Applications of personalization have had mixed results. In the case of personalized learning, companies' track records are decidedly mixed. In the news space, personalization has been found to lead to serious ethical risks that should worry content creators. Sony's Aibo — a cute robot puppy that learns from its owner's behavior — gathers enough user data to make many skittish. Similarly, concerns about just how much Alexa and Google Assistant are listening in to users have made headlines.


In a survey of 1,012 U.S. consumers ages 18-70 who had purchased online in the past six months, McKinsey's Phyllis Rothschild (co-head of the loyalty service line), Julien Boudet (North American lead of the marketing service line) and Gadi Benmark  (an expert in digital marketing and personalization) found varying degrees of concern about brands tracking users' activity.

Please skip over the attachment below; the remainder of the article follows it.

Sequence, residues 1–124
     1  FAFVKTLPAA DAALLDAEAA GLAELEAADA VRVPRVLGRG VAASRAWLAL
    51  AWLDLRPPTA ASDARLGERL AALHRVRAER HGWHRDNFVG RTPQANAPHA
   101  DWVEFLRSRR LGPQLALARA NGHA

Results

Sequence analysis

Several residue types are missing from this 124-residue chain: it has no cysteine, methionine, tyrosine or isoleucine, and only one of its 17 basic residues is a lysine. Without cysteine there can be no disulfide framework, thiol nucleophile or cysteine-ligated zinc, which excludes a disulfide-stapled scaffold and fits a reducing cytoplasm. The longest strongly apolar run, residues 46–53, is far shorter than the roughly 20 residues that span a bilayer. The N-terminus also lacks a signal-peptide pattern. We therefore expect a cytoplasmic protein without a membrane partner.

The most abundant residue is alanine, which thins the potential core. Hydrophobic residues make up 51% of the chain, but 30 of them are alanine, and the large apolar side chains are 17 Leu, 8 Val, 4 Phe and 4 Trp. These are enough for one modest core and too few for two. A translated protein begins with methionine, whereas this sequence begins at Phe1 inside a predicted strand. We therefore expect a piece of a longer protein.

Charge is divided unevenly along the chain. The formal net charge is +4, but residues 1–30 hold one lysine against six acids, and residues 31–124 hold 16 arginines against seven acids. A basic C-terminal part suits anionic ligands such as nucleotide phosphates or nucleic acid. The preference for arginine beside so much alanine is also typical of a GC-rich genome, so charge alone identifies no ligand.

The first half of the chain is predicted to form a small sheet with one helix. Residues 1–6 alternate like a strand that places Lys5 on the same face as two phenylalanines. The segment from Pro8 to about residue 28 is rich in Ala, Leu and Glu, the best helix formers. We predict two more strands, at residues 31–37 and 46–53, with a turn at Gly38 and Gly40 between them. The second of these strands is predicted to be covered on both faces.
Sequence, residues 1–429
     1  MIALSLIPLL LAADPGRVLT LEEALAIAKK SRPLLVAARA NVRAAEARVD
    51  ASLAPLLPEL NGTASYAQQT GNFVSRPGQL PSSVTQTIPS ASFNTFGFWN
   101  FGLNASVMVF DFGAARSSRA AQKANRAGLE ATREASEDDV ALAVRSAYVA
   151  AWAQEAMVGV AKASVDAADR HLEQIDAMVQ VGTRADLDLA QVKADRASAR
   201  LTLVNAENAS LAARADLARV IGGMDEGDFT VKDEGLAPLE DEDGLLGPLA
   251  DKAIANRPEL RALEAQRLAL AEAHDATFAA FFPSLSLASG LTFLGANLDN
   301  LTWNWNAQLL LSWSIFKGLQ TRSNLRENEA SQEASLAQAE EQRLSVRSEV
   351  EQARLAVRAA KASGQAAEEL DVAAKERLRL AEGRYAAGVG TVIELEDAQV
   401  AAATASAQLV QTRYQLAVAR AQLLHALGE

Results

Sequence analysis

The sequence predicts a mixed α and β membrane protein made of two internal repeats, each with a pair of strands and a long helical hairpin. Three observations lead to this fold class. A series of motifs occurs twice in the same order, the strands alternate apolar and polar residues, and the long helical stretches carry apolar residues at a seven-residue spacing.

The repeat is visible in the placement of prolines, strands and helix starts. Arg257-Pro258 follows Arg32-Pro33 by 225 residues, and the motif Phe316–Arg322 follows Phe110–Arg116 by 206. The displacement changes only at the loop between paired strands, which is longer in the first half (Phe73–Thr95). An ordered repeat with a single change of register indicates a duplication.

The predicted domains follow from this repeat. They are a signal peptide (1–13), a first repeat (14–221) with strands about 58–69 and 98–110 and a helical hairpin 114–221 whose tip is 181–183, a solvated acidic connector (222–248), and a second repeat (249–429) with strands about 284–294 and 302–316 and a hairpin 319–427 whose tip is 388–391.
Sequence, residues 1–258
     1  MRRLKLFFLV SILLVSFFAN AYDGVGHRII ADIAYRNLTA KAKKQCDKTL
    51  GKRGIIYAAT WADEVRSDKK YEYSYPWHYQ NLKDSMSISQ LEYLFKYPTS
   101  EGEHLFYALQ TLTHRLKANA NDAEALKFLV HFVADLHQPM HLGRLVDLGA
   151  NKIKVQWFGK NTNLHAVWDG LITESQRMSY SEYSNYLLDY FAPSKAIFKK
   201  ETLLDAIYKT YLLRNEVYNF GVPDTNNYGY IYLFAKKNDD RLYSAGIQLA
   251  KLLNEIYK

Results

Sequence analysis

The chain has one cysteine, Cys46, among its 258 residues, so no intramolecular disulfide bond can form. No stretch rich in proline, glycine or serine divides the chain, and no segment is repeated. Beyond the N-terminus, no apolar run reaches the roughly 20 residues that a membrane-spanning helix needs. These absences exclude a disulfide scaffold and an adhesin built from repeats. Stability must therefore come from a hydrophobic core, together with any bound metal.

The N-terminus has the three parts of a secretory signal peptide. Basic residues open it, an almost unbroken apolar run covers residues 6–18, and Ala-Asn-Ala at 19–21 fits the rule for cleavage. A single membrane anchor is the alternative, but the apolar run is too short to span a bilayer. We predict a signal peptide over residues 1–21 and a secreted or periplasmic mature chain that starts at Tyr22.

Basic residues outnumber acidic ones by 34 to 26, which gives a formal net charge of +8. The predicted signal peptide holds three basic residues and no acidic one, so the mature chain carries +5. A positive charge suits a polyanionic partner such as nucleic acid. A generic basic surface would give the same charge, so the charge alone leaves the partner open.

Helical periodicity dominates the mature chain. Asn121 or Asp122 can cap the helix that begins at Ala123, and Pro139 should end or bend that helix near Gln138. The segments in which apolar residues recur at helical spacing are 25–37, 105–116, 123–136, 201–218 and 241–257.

While tracking content consumption, purchase, online searches and opt-in wristband (e.g., Fitbit) usage wasn't particularly concerning to consumers, allowing algorithms full-text access to emails, the use of facial recognition in physical stores and voice recognition devices listening in while connected to homes raised more concerns.

Importantly for companies, the researchers also found that as personalization's benefits become more attractive for surveyed consumers, the level of concern about privacy declines. For many consumers, individualized pricing or free products or services assuaged their data privacy concerns.


Penny Gillespie, VP Analyst at Gartner, says, "Organizations are losing their best changes to create great customer experiences due to needly risk-averse privacy ideas that limit the use of personal data. The key is to bring value to customers and keep data use in context." Thus, Gartner suggests eight steps to help companies mitigate risk while driving revenue.


Done right, personalization rewards companies that do it well. Here are a few examples of how personalization is changing the future of a range of industries:

Disneyland is tracking guests and generating big profits doing it